Whiteblock Says EOS is Not a Blockchain

Whiteblock, a blockchain testing platform has said that EOS is not a blockchain. Whiteblock concluded that the EOS token is just a cloud service.

Prasanna Peshkar

Prasanna Peshkar

November 5, 2018 10:50 AM

Whiteblock Says EOS is Not a Blockchain

Whiteblock, a blockchain testing platform that assists development organizations to verify performance and expand distributed ledger technologies has said that EOS is not a blockchain, reported CCN. After performing an analysis, Whiteblock concluded that the EOS token is just a cloud service for computation.

According to Whiteblock researchers Brent Xu, Dhruv Luthra, Zak Cole, and Nate Blakely, the EOS token is formed on a comprehensive centralized axiom. This was the initial benchmark testing of the EOS software. The results show very lower transaction throughput than earlier displayed when benchmarked under pragmatic network circumstances.

According to a press release, this benchmark testing project was openly demanded by a group of companies adopting the Bounties Network. Bounties Network is a platform that permits people to self-organize and finance activities of shared interest.

Whiteblock Researchers’ Findings

Based on the primary analysis of network emulation testing and source code, the conclusions about the EOS software are as follows:

Neal Roche, Whiteblock CEO stated that

Our Whiteblock test framework is blockchain agnostic. We’re also running performance tests on other leading blockchains. Whiteblock’s established testing methodology and tooling has been proven to accurately test complex networks at scale. With Whiteblock, customers can easily validate performance, conduct due diligence, or run competitive benchmarks for a number of technologies and systems.

In this experiment, Whiteblock created a replica of the EOS network that could be utilized to examine the network’s strength to resist specific stress situations and many errors that would be ideal in a production context. Whiteblock built a network to assess the following metrics:

EOS was described as an Ethereum killer but this research concluded that it is not even a blockchain. As reported by CCN, Whiteblock CTO Zak Cole stated that the purpose of their research wasn’t to show that ETH is better than EOS, but rather present an aspiration and accurate analysis of the EOS network to the community so that they can build a high-performing and functional systems.

He further stated that EOS is not absolutely free of transaction fees. Rather, these costs are negated to the dApp developers and the cost of administering these applications can be very costly. The EOS network is vulnerable and there is no efficient implementation of game theory or supplementary algorithmic rules to secure the block. There is no guarantee that the assets will be available or accessible tomorrow.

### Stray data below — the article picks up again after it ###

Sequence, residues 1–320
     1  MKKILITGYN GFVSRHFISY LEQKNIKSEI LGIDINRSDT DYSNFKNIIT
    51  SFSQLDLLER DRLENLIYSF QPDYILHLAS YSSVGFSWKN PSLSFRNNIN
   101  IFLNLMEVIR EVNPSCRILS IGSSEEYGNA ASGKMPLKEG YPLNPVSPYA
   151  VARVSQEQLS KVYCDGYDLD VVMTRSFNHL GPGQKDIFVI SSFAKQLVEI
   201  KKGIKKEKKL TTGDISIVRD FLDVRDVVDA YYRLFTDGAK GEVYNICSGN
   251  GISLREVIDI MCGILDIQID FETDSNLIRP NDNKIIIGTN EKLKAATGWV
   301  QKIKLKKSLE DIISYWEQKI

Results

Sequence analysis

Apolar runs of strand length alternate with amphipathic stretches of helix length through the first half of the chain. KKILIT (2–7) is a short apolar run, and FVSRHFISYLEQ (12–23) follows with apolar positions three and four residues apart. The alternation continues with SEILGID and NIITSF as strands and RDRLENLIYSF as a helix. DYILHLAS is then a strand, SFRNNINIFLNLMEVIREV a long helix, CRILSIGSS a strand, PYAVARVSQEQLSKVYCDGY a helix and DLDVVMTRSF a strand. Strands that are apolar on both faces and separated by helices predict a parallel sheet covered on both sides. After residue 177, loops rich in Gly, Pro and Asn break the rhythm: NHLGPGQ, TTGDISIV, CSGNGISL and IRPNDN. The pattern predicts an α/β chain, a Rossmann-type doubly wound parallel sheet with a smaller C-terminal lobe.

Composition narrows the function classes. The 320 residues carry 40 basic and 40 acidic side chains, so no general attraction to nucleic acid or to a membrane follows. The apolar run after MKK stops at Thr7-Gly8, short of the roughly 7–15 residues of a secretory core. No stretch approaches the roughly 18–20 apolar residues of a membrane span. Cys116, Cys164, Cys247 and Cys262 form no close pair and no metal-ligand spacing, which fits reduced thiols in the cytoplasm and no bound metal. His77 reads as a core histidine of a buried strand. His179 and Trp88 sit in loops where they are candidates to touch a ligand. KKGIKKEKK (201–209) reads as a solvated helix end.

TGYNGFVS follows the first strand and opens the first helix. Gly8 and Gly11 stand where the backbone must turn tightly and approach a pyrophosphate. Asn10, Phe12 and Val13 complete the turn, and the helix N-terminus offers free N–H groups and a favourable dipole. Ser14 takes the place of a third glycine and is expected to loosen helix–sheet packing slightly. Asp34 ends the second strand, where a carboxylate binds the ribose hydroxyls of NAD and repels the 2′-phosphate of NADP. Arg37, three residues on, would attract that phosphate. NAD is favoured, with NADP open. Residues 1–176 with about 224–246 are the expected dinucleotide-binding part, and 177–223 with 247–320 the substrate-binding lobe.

In other words, EOS is not able to give throughput to the level which has been mentioned. The system is completely incompetent to operate in accordance with the promises that have pushed their multi-billion dollar operations. This research was financed by 20 companies including ConsenSys. Funding was also given by Bo Shen, Dan Larimer’s previous partner and co-founder of Bitshares, which EOS adopted as the basis for much of their technology.

This is not the first time that researchers have found vulnerabilities in EOS. In the month of May 2018, Qihoo 360, a Chinese internet security company, had discovered multiple critical vulnerabilities in the platform. Yuki Chen of Qihoo 360 Vulcan Team and Zhiniang Peng of Qihoo 360 Core Security team found loopholes in EOS when they parsed a WASM FILE.

WebAssembly (Wasm, WA) is a web standard that defines a binary format and a corresponding assembly-like text format for an executable code in Web pages. It is meant to enable executing code nearly as fast as running native machine code. Researches were able to successfully exploit a buffer out-of-bounds write vulnerability. Hackers could use this vulnerability by uploading a malicious smart contract to the nodes server and after the contract get parsed by nodes server, the malicious payload could execute on the server and because of this hackers can take control of the server.

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Prasanna Peshkar
Article By

Prasanna Peshkar

Prasanna Peshkar is a seasoned writer and analyst specializing in cryptocurrency and blockchain technology. With a focus on delivering insightful commentary and analysis, Prasanna serves as a writer and analyst at CryptoTicker, assisting readers in navigating the complexities of the cryptocurrency market.

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